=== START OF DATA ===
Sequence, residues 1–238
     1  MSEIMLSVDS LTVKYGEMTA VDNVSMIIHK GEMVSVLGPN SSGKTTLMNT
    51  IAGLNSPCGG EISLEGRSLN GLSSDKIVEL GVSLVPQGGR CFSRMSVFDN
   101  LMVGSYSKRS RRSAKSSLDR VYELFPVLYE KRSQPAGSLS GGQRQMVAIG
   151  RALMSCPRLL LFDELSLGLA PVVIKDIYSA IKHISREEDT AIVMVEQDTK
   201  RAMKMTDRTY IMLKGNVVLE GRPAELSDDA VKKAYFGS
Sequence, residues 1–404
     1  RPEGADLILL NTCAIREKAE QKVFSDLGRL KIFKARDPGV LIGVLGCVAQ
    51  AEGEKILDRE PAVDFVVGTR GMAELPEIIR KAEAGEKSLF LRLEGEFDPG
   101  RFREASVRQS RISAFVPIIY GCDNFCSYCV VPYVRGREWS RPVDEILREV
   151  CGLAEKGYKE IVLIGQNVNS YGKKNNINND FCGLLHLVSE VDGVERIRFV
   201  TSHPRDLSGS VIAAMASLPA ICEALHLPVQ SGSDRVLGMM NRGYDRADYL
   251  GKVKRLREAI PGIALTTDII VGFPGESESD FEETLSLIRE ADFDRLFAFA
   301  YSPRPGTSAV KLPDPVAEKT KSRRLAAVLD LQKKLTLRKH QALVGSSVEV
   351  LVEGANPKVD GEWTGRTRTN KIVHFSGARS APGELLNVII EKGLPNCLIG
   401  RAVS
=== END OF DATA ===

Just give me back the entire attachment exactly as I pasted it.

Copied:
Sequence, residues 1–238
     1  MSEIMLSVDS LTVKYGEMTA VDNVSMIIHK GEMVSVLGPN SSGKTTLMNT
    51  IAGLNSPCGG EISLEGRSLN GLSSDKIVEL GVSLVPQGGR CFSRMSVFDN
   101  LMVGSYSKRS RRSAKSSLDR VYELFPVLYE KRSQPAGSLS GGQRQMVAIG
   151  RALMSCPRLL LFDELSLGLA PVVIKDIYSA IKHISREEDT AIVMVEQDTK
   201  RAMKMTDRTY IMLKGNVVLE GRPAELSDDA VKKAYFGS
Sequence, residues 1–404
     1  RPEGADLILL NTCAIREKAE QKVFSDLGRL KIFKARDPGV LIGVLGCVAQ
    51  AEGEKILDRE PAVDFVVGTR GMAELPEIIR KAEAGEKSLF LRLEGEFDPG
   101  RFREASVRQS RISAFVPIIY GCDNFCSYCV VPYVRGREWS RPVDEILREV
   151  CGLAEKGYKE IVLIGQNVNS YGKKNNINND FCGLLHLVSE VDGVERIRFV
   201  TSHPRDLSGS VIAAMASLPA ICEALHLPVQ SGSDRVLGMM NRGYDRADYL
   251  GKVKRLREAI PGIALTTDII VGFPGESESD FEETLSLIRE ADFDRLFAFA
   301  YSPRPGTSAV KLPDPVAEKT KSRRLAAVLD LQKKLTLRKH QALVGSSVEV
   351  LVEGANPKVD GEWTGRTRTN KIVHFSGARS APGELLNVII EKGLPNCLIG
   401  RAVS